DELWAQ is the engine of the D-Water Quality and D-Ecology programmes of the Delft3D suite. It is based on a rich library from which relevant substances and processes can be selected to quickly put water and sediment quality models together.

The processes library covers many aspects of water quality and ecology, from basic tracers, dissolved oxygen, nutrients, organic matter, inorganic suspended matter, heavy metals, bacteria and organic micro-pollutants, to complex algae and macrophyte dynamics. High performance solvers enable the simulation of long periods, often required to capture the full cycles of the processes being modelled.

The finite volume approach underlying DELWAQ allows it to be coupled to both the structured grid hydrodynamics of the current Delft3D-FLOW engine and the upcoming D-Flow Flexible Mesh engine (1D-2D-3D) of the Delft3D Flexible Mesh Suite (or even other models such as TELEMAC).

'DELWAQ in open source' is our invitation to all leading experts to collaborate in further development and research in the field of water quality, ecology and morphology using Delft3D. Feel free to post your DELWAQ related questions or comments in this dedicated forum space. If you are new to DELWAQ, the tutorial (in the user manual) is a good place to start. A list of DELWAQ related publications is available here.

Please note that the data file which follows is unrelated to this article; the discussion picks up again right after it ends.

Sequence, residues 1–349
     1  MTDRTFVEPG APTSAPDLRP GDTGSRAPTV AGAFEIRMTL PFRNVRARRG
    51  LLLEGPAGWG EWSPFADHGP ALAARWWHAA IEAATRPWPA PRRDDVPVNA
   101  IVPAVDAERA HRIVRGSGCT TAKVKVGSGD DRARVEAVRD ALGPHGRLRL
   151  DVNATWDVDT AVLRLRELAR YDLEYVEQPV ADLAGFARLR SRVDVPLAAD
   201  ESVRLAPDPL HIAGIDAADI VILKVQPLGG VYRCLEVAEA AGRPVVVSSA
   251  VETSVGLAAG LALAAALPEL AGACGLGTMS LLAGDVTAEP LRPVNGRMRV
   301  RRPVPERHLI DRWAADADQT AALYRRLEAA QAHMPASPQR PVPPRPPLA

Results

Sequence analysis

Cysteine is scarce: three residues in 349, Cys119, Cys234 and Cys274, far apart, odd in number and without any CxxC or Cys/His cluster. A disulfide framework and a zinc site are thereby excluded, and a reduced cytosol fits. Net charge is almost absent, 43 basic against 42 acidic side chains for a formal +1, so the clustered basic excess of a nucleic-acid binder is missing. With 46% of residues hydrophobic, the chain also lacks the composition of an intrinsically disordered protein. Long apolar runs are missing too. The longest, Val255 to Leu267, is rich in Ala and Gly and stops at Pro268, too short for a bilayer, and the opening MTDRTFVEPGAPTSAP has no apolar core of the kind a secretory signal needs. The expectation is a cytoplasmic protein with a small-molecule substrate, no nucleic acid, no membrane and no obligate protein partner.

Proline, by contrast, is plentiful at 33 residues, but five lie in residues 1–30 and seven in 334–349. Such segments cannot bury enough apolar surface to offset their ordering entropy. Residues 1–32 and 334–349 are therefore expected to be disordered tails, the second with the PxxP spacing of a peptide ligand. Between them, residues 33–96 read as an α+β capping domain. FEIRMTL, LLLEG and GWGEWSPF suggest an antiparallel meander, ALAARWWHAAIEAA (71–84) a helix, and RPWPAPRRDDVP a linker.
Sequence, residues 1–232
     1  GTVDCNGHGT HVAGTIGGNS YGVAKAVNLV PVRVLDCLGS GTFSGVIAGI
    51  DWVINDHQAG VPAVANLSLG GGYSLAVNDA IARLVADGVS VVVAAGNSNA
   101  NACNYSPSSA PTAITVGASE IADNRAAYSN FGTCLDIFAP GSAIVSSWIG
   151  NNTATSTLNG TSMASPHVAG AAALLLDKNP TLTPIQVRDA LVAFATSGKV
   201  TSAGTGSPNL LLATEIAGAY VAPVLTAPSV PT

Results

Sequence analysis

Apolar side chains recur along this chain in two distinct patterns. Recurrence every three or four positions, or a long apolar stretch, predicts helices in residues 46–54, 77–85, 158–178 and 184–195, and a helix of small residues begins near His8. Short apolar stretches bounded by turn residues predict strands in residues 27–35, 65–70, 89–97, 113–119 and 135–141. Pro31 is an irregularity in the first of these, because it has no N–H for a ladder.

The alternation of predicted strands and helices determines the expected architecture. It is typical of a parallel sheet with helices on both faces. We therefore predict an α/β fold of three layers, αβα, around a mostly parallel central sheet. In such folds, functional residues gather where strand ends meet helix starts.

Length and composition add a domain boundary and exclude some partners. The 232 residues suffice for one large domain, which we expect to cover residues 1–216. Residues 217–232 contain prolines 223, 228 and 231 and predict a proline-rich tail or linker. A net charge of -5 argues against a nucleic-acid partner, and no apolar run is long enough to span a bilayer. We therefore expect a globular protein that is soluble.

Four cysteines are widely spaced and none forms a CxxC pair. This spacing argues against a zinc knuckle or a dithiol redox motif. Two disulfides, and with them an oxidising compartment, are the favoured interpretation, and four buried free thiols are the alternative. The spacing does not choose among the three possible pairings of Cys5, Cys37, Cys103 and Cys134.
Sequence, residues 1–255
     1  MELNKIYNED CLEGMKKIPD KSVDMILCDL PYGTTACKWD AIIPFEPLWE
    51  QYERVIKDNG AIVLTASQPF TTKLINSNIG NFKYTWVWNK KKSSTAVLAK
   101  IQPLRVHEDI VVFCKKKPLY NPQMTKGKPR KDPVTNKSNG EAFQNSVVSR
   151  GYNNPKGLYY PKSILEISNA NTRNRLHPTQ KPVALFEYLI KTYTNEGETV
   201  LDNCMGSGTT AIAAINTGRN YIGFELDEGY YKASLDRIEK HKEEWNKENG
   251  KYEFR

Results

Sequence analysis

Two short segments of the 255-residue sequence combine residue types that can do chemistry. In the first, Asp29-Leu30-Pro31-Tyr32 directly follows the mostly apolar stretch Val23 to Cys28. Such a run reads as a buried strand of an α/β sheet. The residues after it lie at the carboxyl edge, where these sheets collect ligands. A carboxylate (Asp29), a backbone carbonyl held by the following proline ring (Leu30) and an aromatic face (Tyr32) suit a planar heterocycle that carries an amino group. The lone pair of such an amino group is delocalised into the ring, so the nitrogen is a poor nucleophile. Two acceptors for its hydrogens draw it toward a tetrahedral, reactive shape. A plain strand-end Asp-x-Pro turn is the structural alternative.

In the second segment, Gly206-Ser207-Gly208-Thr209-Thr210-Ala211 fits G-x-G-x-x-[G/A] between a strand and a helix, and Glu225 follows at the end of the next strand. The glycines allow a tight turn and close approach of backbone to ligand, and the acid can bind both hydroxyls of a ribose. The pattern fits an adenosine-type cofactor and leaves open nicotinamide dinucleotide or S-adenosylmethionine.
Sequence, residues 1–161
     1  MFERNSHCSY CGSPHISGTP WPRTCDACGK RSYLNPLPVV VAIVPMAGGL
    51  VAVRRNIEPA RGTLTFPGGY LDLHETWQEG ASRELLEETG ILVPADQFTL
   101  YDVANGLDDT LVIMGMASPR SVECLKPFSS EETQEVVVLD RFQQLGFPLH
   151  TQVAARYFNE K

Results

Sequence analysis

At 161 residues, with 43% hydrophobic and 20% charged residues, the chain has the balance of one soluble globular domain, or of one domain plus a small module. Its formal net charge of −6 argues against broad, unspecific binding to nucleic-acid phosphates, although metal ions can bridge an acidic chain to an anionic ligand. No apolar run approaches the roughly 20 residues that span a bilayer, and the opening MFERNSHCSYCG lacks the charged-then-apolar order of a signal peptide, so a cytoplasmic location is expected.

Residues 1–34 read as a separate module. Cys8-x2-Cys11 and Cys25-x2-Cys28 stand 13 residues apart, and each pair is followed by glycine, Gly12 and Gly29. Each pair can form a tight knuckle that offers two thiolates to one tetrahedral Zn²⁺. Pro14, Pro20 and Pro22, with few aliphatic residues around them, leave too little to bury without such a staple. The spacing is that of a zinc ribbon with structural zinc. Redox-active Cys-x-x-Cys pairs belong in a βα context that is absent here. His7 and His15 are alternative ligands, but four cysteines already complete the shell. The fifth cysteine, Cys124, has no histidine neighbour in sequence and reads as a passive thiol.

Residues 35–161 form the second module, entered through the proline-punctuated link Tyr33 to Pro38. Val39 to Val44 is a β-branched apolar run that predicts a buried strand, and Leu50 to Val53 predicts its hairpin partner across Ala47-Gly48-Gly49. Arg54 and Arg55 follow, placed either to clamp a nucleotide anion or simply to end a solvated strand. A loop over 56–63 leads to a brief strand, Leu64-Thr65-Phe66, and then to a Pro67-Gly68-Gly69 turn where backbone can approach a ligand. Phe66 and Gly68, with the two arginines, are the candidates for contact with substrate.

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D-Flow Flexible Mesh

Cohesive sediments & muddy systems


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water quality calibration

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water quality calibration
Answer (Unmark)
10/13/16 5:58 PM
Hi there,

I've been getting mix review on how to calibrate water quality model. Some say to leave all parameters at boundary to be zero and some seem to say to inject some concentration at the boundary. Are these both options correct? or is one option more advisable than the other?

Wouldn't setting zero concentration at the boundary just causes specific parameter to decay until it reaches zero? or would it reach an equilibrium at some stage.

Thanks for helping :)
RE: water quality calibration
Answer (Unmark)
10/17/16 10:02 AMas a reply to Anonymous.
This very much depends on the problem you are trying to study:
- If there are no sources inside the model, the exchange over the boundary will cause it to disappear from the model in the long run
- For substances like salinity, a useful boundary condition depends on whether your model represents a marine environment or a freshwater environment
- etc.

Could you describe the modelling problem you are studying? Also, the term calibration is usually used for finding the right values for process parameters and the like, whereas from your description I get the impression that you are looking for the way to set up your model, based on - probably - a small amount of field data only.